HASTINGS: We try to constantly encourage employees to figure out how to improve the culture, not how to preserve it. And so everyone is trying to add value by, “Here’s a place we can improve in what we do.” And so that keeps it very alive. It’s not the golden tablets; it’s a constantly evolving living document and practice.

 

HOFFMAN: I like Reed’s expression—a living document. And it’s brought to life by a peculiar tension between reality and aspiration—the culture you want, and the culture you strive for. A truly strong culture is always under construction.

 

HOFFMAN: Do you release new versions of the deck?

 

HASTINGS: Yes—so it’s been updated a couple of times. We haven’t unwound anything, but we’ve constantly realized—the current issue is the deck makes us, in some cases, look cold and competitive, and actually employees experience us as very warm and collaborative.

 

But that aspect doesn’t really come out in the decks. We’re constantly trying to update the deck to be more reflective of who we actually are.

 

HOFFMAN: So Reed will keep revising that document, and his employees will keep reading it. And no matter what the size of your company, I’d suggest you do the same. Start early—when you’re still small and your culture is still being shaped—and recognize that it’s both a creative exercise and an organic system, one that your employees will shape with you.

 

Granted, there are people who will tell you, this is a highly overrated exercise. Culture is an elusive concept. And some people question whether culture—right or wrong, strong or weak—is just a figment of our imaginations. It’s a question I posed to Reed Hastings.

 

HOFFMAN: I had a conversation with a friend of mine—who I can’t quote yet, because he hasn’t given me permission. But he basically argued to me that culture was a retroactive narrative of successful companies.

 

When you’re successful, then you can tell the story of the culture that made you successful—and the classic one here is, “Culture eats strategy.” But do you think that that counter point of view is just foolish? Or do you think that that is something that actually, in fact, there is a little bit of, for really successful high-performing companies, are then very congratulatory to their culture?

 

HASTINGS: Well, very successful companies also work in buildings rather than tents. But that’s a generally accepted practice, that buildings work better than tents. So you do have to watch out for that retroactive thing, of kind of what’s different.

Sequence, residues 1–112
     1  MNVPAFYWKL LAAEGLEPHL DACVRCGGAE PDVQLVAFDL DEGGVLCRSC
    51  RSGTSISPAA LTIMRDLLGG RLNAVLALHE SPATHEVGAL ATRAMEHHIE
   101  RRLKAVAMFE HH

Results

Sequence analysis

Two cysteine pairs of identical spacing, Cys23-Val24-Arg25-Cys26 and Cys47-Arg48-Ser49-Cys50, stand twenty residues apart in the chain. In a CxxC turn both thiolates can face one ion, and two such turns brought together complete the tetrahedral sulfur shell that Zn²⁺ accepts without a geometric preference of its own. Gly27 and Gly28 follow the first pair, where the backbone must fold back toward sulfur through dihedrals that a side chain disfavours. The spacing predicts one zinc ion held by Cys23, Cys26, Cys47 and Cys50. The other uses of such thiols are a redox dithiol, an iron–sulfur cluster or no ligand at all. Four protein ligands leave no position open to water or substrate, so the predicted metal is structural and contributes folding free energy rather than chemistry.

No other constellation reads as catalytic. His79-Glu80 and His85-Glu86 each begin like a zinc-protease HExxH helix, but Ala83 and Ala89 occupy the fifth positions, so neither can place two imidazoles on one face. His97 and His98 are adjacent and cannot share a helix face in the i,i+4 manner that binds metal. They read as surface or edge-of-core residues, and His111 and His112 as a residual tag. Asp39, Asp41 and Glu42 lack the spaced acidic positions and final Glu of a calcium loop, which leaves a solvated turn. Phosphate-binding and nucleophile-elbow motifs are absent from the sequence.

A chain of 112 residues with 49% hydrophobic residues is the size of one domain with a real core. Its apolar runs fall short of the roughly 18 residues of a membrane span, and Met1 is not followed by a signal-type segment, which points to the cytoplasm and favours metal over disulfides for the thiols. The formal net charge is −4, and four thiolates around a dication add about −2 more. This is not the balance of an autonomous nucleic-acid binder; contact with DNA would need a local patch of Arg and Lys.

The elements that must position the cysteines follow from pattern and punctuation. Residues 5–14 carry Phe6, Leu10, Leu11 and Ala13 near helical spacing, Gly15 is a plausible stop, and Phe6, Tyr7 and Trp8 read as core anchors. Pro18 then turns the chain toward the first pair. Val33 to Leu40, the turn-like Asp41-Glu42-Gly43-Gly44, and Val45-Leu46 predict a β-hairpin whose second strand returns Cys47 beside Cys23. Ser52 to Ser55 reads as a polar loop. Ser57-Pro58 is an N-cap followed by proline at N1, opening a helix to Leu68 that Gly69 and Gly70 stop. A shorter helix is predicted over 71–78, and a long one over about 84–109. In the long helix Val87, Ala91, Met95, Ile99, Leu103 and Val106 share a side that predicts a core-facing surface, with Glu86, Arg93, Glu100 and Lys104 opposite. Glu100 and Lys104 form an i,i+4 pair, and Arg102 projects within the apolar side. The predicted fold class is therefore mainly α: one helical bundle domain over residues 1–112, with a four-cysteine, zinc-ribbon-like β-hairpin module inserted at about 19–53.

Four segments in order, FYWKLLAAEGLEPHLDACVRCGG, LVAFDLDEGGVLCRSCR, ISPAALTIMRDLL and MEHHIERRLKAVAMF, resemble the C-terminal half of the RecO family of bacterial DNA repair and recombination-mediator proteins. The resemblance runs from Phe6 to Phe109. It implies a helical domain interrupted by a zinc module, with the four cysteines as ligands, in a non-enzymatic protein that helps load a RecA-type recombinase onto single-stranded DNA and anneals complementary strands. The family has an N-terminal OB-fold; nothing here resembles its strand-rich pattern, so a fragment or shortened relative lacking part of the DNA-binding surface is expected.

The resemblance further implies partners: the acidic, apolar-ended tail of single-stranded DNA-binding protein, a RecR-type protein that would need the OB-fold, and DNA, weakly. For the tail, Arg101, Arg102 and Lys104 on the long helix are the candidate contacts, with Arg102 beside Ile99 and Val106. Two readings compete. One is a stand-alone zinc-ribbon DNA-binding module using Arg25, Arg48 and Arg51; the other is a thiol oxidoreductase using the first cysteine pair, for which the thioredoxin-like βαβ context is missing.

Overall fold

But I would say, on balance, the culture will help Netflix prosper through multiple eras in a way that, say, my first company Pure Software did not. And so from a personal experience, we’ve been able to adapt from DVD-by-mail, taking on Blockbuster, defeating a company that was 100 times larger than us, to then go from DVD-by-mail, to streaming of other people’s content, to streaming of our own content, from 100% percent domestic to global.

 

So we’ve encountered many challenges, which Pure Software in the 1990s would not have been able to do. And so I’m very personally convinced that the culture has been helping on that. But again, I encourage people not to believe in things, that “Culture eats strategy for lunch.” Both are really important. We spend a lot of time on strategy, and why not do both well? Why do you have to rank them? Let’s try to do culture well, let’s try to do strategy well.

 

HOFFMAN: Think about that list of changes Netflix has weathered. The same people who shipped DVDs are now producing original content, snapping up movies at film festivals, and streaming entertainment worldwide.

 

Netflix is the Madonna of companies, constantly reinventing itself. And notice how Reed, despite his strategic brilliance, is convinced that his previous company wouldn’t have made the transition. It’s as close as you get to a control experiment—same strategic mind, two different cultures. Only one conquers the world. And maybe culture is just a byproduct of strategy. Maybe you can ignore it and focus on strategy alone.

 

But consider that list of threats that Reed faced—do you really want to take that risk? I wouldn’t.

 

And at the very least, if you’re thoughtful about culture, you can avoid hiring a bunch of white guys named Reed. Otherwise, your water cooler banter will sound like this.

 

HASTINGS: Great pleasure, Reid. Now let’s do the Reed and Reid thing. Oh, right.

 

HOFFMAN: So Reed, it’s always great talking to you. I always learn something new.

 

HASTINGS: You too Reid, a great pleasure.

 

HOFFMAN: I’m Reid Hoffman—not Reed Hastings. Thank you for listening.